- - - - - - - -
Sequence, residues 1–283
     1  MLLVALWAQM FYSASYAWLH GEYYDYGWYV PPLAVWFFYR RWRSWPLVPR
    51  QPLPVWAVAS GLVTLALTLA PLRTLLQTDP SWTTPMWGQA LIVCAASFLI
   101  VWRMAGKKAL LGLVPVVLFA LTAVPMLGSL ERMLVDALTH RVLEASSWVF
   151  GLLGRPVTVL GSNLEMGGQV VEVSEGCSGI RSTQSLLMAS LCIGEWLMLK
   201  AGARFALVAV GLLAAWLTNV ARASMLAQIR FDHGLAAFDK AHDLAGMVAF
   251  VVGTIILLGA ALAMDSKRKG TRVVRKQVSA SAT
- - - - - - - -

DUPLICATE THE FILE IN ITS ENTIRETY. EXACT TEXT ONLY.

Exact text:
Sequence, residues 1–283
     1  MLLVALWAQM FYSASYAWLH GEYYDYGWYV PPLAVWFFYR RWRSWPLVPR
    51  QPLPVWAVAS GLVTLALTLA PLRTLLQTDP SWTTPMWGQA LIVCAASFLI
   101  VWRMAGKKAL LGLVPVVLFA LTAVPMLGSL ERMLVDALTH RVLEASSWVF
   151  GLLGRPVTVL GSNLEMGGQV VEVSEGCSGI RSTQSLLMAS LCIGEWLMLK
   201  AGARFALVAV GLLAAWLTNV ARASMLAQIR FDHGLAAFDK AHDLAGMVAF
   251  VVGTIILLGA ALAMDSKRKG TRVVRKQVSA SAT